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Genocide chief appears before court

Latest update : 2008-12-05

A former prison head from Cambodia's genocidal Khmer Rouge regime has appeared in court as judges decide whether to add a new charge against him. 'Duch' was accused of torturing and killing more than 12,000 people at prison S-21.

AFP - Cambodia's former Khmer Rouge prison chief will appear Friday before the country's genocide court as it decides whether to add a new charge that could impact on other regime leaders.
Kaing Guek Eav -- better known as Duch -- was formally indicted in August, accused of overseeing the torture and extermination of more than 12,000 men, women and children when he headed Tuol Sleng prison, known as S-21.
Judges in August ordered the 66-year-old to stand trial on charges of war crimes and crimes against humanity.
But prosecutors said the indictment failed to go far enough and portray a "full and truthful account" of Duch's crimes.
The court will rule on an appeal Friday, under which prosecutors demanded that the charge of "commission of crimes through participation in a joint criminal enterprise as a mode of liability" be added to Duch's indictment.
The controversial "joint criminal enterprise" charge (JCE) is a legal doctrine that allows a court to hold multiple people responsible for crimes when they act as part of a coordinated process, according to legal officials.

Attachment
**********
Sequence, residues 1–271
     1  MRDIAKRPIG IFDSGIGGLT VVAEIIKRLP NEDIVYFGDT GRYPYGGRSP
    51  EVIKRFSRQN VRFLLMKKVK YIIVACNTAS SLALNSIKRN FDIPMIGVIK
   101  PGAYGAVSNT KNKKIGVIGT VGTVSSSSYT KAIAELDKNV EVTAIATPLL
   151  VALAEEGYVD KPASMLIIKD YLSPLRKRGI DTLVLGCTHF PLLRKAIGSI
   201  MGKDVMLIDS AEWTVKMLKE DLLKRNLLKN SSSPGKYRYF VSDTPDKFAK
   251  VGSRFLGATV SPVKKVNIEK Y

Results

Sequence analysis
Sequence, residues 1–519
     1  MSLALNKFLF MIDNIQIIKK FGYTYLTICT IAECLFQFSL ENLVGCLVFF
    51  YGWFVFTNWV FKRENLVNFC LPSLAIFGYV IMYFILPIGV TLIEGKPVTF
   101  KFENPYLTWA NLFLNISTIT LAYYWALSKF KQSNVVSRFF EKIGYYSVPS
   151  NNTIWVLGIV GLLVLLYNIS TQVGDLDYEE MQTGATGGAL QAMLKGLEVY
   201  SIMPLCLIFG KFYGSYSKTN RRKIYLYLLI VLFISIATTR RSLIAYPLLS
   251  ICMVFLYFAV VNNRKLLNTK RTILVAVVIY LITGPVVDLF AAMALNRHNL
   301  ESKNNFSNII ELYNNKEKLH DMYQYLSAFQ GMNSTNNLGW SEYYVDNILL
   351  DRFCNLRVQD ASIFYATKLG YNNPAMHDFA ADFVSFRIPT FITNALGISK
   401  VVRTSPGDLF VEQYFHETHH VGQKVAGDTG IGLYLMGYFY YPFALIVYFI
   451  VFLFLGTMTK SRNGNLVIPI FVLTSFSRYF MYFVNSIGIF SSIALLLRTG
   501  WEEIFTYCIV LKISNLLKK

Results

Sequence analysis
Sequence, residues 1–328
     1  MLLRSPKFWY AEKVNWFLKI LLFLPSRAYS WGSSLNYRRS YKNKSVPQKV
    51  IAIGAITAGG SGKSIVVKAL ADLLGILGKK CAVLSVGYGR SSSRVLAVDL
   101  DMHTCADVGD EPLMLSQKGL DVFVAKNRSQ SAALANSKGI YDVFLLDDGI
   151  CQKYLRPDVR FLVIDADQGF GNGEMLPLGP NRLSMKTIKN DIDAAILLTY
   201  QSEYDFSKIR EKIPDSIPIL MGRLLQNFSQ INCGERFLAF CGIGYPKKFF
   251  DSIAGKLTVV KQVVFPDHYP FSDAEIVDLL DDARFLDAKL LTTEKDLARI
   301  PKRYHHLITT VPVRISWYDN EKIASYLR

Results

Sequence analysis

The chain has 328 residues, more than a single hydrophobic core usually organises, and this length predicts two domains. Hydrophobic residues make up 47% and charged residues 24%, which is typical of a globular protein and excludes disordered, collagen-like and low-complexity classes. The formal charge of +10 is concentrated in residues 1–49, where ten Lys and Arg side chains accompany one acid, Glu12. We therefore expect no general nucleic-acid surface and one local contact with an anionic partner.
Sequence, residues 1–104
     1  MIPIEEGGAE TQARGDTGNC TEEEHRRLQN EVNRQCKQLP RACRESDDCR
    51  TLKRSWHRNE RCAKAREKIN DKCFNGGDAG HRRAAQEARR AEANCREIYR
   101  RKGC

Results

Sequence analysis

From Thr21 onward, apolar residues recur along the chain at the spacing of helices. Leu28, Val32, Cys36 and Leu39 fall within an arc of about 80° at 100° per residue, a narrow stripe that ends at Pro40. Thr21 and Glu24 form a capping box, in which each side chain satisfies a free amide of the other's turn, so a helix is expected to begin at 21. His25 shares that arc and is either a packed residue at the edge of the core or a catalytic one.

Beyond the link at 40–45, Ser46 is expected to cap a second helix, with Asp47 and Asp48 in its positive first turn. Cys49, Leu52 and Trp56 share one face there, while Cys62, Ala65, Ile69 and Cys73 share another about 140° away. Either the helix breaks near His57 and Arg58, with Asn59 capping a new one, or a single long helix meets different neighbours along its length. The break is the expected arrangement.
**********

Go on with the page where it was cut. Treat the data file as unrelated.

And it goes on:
Because of its very nature, the charge is opposed by other Khmer Rouge leaders, who fear that a conviction in Duch's case could leave them automatically liable.
"It makes it a bit easier to hold defendants guilty, because they need not kill someone or order killings themselves to be held responsible," John Ciorciari, a senior legal advisor for the Documentation Centre of Cambodia, which collects evidence of Khmer Rouge atrocities, told AFP earlier this week.
The defence teams of four other former Khmer Rouge leaders who are detained by the court for crimes committed by the regime have expressed fears that the court's decision will affect their clients.
"Duch will sit in the dock in front of judges on Friday afternoon. He will listen to the verdict regarding the closing order," Cambodia's UN-backed tribunal spokesman Reach Sambath told AFP.
He said once the ruling had been given, Duch's case would be "finalised and it paves the way for the first public trial to take place," adding that the trial chamber will meet in January to set a date for the start of the trial, expected in the first quarter of 2009.
Duch will be the first leader of Cambodia's brutal 1975-1979 communist regime to stand trial at the UN-backed tribunal.
A mathematics teacher who became the Khmer Rouge's torturer-in-chief, he has been in prison since 1999 for his role at Tuol Sleng. He was formally transferred to the tribunal and indicted in July 2007.
Up to two million people were executed or died of starvation and overwork as the regime emptied Cambodia's cities, exiling millions to vast collective farms in a bid to forge an agrarian utopia during its rule.

Date created : 2008-12-05